For decades we’ve been told that employees want more autonomy and interesting and complex work. In the world of “enhanced work design,” more is better.
It turns out this isn’t always true. Research is consistently illustrating what’s called the “too-much-of-a-good-thing-effect” (yes, this is the name of an actual applied psychology theory).
We all want autonomy, but not everyone needs or wants extreme levels. It’s great to be able to have discretion on decisions and processes. But if there’s extreme autonomy, we’re annoyed because we don’t get any direction or we are stressed out because we don’t know what we’re supposed to be doing.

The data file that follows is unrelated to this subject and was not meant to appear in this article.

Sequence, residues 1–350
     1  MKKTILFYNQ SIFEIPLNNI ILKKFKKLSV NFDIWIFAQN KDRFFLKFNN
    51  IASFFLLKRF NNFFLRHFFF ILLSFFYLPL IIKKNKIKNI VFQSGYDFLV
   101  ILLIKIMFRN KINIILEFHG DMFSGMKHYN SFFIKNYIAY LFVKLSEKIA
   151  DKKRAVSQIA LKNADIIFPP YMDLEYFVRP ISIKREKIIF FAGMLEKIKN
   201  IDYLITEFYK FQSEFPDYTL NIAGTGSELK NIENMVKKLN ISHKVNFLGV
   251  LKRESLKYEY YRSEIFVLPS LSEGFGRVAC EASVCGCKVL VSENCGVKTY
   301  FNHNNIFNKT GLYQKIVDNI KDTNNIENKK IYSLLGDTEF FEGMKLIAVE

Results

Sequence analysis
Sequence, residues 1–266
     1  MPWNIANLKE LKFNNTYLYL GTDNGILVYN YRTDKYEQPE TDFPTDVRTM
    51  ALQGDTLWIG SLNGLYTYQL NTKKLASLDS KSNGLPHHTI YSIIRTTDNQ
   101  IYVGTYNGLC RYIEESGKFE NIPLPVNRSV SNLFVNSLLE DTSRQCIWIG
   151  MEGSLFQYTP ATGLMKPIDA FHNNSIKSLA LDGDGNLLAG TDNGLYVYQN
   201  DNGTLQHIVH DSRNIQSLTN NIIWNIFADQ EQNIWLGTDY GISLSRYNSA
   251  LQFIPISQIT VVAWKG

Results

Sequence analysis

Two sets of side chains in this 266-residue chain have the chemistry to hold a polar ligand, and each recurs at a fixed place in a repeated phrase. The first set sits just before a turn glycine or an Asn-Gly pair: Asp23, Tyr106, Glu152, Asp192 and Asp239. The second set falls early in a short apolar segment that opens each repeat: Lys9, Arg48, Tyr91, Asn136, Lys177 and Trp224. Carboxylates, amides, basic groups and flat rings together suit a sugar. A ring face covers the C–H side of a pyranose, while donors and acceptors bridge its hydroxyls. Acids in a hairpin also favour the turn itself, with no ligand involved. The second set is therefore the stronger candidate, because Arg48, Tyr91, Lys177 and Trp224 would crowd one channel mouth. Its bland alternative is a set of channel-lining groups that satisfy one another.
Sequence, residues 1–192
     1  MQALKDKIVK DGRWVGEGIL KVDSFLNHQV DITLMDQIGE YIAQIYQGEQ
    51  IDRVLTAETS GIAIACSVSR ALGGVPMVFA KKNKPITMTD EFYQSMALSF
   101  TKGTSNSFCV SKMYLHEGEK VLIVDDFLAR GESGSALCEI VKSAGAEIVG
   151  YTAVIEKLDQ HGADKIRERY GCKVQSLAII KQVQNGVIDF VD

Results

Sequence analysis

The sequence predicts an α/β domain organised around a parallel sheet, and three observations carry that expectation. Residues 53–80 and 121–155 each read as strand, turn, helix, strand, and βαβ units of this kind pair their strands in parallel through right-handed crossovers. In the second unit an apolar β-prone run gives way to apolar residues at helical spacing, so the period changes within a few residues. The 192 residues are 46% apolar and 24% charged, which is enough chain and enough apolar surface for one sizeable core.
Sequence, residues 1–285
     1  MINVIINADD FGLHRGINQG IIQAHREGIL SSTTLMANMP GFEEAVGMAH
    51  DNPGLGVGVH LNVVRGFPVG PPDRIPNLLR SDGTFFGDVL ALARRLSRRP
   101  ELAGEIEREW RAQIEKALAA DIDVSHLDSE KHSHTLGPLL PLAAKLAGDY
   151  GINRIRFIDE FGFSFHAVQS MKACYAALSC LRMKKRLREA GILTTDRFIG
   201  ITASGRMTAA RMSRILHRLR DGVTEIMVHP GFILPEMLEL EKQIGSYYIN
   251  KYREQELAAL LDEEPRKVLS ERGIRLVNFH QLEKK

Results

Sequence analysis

Similarly, we want to be intellectually stimulated. But extreme levels of complex and challenging work lead to burnout. No one wants to feel like they are dealing with the impossible day-in and day-out for long periods of time.
The same trends are surfacing for work characteristics like variety, interdependence, and social support.
Research clearly illustrates that employees want enhanced work designs, but if we take it too far, it makes things worse.
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